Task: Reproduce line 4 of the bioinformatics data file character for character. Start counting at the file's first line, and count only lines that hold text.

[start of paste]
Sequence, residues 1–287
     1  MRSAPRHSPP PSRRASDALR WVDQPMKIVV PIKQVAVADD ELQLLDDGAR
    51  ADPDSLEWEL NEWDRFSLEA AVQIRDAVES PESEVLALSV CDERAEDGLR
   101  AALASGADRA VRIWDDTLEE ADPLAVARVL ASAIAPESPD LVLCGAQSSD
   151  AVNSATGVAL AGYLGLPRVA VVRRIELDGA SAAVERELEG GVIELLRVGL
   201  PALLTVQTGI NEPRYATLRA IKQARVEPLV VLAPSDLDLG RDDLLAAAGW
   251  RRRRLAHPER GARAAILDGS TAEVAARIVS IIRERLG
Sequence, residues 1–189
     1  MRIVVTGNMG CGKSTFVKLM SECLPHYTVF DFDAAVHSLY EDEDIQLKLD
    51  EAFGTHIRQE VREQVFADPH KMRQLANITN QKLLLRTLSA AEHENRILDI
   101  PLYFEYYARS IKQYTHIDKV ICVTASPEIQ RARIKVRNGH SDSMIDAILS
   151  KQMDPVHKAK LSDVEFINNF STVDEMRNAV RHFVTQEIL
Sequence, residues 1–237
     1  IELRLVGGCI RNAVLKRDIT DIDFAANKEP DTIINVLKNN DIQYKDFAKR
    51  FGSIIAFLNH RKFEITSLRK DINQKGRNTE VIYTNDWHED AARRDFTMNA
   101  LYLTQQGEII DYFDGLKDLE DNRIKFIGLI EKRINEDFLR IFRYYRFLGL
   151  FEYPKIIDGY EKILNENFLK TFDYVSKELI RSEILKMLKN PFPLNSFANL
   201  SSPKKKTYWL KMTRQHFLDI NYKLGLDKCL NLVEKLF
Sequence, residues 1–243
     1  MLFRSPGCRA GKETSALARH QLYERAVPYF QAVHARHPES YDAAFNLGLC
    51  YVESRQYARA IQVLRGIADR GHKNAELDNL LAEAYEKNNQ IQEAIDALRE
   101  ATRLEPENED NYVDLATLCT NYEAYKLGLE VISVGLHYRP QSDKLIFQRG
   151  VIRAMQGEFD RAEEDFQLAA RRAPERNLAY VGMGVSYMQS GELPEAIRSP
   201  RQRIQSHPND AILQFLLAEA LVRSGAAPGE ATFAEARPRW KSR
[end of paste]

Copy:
   101  AALASGADRA VRIWDDTLEE ADPLAVARVL ASAIAPESPD LVLCGAQSSD